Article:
Stains are inevitable on car paints. Tree saps and bird droppings are common, especially in areas with dense plant life. Even salted roads, polluted underpasses, and dusty trails contribute to this menace.
It’s tempting to reach out for those spirits as a cleaning solution for small stains on car exteriors. After all, all solvents are the same, right? Unfortunately, they aren’t, and you’re on the verge of incurring debt for new car paint.
You can use mineral spirits, but they’ll damage car paint over time. Continuous use of this solvent will destroy the clear glossy coat covering your color coat, leaving you with a dull matte look.
This article will explore how to clean stains on cars more safely.
Can I Use Mineral Spirits On Car Paint?
Thankfully the damage is often external and does not destroy the integrity of the clear coat underneath. So, can your favorite spirits do the job?
Yes, you can use mineral spirits on car paints to remove most stains. But, I’d warn you not to make a habit out of it. In most cases, it’s better to use soap and water for mild stains.
You may apply mineral spirits for tough stains. Here’s another caution: avoid using spirits for large stains. Why? It means you have a lot to contend with if something goes wrong.
How Can I Safely Use Mineral Spirits on Car Paint
Are mineral spirits bad for car paint? It is, but you can circumvent destroying your paint job with these steps:
- Soak a damp cloth, such as a microfiber cloth, in spirits and place it on the stained part of the car.
- Allow the spirits to soak up the stain for at least 5 minutes. The stain will loosen up within five minutes, depending on the type of stain.
- Move the damp cloth to clean up the stain.
- Here’s the most critical part: Immediately wash the area with soapy water. Do not let the spirits dry on the car paint.
- Apply wax coating on the cleaned area to protect the base coat.
Also, only use mineral spirits to wipe off small stains such as water spots or tree sap. Don’t clean a larger surface—i.e., your entire car—with spirits unless you’re ready to pay thousands for another paint job.
Properly store your petroleum-based solvents and other solvents to avoid fire outbreaks. Please dispose of the rags by sending them to the nearest hazardous waste facility.
Can I Use Paint Thinners on Car Paint?
Mineral spirits are often used interchangeably with paint thinner. So, is it alright to use paint thinners for cleaning cat paints, too?
You may use paint thinners for cleaning stains on cars. However, paint thinners are not designed for cleaning car stains. Continuous use of paint thinners on car paint may lead to paint etching and loss of clear coat.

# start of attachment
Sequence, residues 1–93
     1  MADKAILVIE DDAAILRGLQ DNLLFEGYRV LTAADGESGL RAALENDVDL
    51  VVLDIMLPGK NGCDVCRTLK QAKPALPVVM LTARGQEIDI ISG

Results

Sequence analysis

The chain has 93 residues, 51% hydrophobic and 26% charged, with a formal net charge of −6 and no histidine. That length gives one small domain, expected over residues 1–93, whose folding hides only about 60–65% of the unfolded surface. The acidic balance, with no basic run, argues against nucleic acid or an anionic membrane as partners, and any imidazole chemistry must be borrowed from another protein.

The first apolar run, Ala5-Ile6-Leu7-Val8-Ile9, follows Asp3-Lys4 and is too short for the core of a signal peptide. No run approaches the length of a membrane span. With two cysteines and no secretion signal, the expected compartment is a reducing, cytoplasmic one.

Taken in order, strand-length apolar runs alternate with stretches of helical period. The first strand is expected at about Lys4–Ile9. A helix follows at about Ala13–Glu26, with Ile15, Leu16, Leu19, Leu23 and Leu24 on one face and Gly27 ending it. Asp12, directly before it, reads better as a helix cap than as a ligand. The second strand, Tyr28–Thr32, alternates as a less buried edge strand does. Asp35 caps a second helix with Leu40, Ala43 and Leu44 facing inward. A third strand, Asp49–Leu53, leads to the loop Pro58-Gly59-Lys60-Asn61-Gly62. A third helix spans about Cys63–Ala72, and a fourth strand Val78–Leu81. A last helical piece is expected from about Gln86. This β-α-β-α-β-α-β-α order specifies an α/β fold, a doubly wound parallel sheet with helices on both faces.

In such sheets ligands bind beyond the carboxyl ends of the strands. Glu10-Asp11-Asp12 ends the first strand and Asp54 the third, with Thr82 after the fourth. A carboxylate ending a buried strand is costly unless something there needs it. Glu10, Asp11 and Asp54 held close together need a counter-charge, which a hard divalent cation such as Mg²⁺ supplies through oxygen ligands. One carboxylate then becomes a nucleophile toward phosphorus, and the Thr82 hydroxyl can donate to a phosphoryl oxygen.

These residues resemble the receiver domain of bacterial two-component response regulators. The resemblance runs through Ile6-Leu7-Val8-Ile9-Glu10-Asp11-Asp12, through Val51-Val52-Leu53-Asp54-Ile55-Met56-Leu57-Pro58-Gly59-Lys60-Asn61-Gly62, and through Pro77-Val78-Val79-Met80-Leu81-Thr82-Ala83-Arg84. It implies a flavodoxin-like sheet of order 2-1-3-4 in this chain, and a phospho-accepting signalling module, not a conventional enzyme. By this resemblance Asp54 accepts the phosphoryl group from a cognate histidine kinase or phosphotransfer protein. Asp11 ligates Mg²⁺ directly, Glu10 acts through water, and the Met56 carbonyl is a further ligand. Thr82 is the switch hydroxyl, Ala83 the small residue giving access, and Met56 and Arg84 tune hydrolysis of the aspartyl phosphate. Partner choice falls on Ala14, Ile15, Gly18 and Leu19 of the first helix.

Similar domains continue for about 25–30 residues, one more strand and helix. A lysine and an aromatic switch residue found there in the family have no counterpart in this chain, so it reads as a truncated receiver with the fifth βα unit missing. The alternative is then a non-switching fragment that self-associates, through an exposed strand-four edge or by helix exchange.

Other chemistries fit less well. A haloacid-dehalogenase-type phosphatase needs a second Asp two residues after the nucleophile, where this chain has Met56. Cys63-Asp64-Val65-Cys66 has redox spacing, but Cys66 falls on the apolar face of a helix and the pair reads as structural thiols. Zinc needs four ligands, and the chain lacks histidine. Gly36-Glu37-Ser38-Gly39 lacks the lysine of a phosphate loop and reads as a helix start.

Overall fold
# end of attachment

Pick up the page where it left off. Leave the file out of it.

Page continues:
As a DIYer, ensure you use soap and warm water to wash off paint thinners immediately after using them for stains.
Note: paint thinners degrade plastic, rubber, enamel, or vinyl surfaces.
Can I Use Acetone on Car Paint?
Once again, not all solvents are the same; some cause more harm than others. For example, acetone is a more effective solvent than spirits. So, using acetone to remove stains on car paint is a recipe for disaster.
Although acetone removes all stains on paint, it takes just a few hours for it to damage your car paint. In contrast, it takes a continuous use of mineral spirits to destroy car damage.
If you insist on using acetone, immediately wipe it off with soap and warm water. Furthermore, coat the cleaned region with wax.
Can I Use Rubbing Alcohol Instead of Mineral Spirits on Car Paint?
Rubbing alcohol has a lot of applications in the automobile industry. It evaporates faster than mineral spirits and doesn’t degrade car paint. Professional automobile workers and manufacturers use it to prepare vehicle surfaces for fresh wrap or paint. It’s also considered safe for cleaning car interiors.
As a DIYer, it’s preferable to use rubbing alcohol instead of mineral spirits since it doesn’t damage car paint and coat. As a disclaimer: Do not use rubbing alcohol at full strength when cleaning. Always dilute it to 10 or 15 percent.
Can I Use Mineral Spirits Before Painting Cars?
Good paint prep is the difference between a masterpiece and a shoddy job. What’s more? A paint prep will determine if you end up with fisheyes or not.
If you are thinking of using mineral spirits before painting your car? DON’T. You will probably end up with fisheyes when you use mineral spirits.
After sanding the old car paint, DIYers should always go for products specifically designed to remove wax and grease.
Is Mineral Spirits Bad for Paint?
DIYers can use mineral spirits as paint preps and for thinning oil-based paints. It effectively wipes off grease and wax deposits on wood and concrete surfaces.
Most professional woodworkers or painters turn to spirits after sanding or restoring old or antique furniture. Prepping with spirits before applying finish boosts the luster and aesthetics of the furniture.
In painting, spirits can reduce the thickness of oil-based paint, making it easy to spray paint.
Let’s not forget that certain kinds emit no odor, unlike most paint thinners. Odor-free mineral spirits are easier to use in paint thinning since they are less toxic and evaporate slowly.
Conclusion: Will Mineral Spirits Damage Car Paints?
Mineral spirits are great for one-time use. Just don’t make a habit of using it for car stains; continuous use can damage the glossy finish on your vehicle. Also, clean it away with soap and plain water. You know what? Only use spirits for stubborn stains; soap and water are enough for mild stains.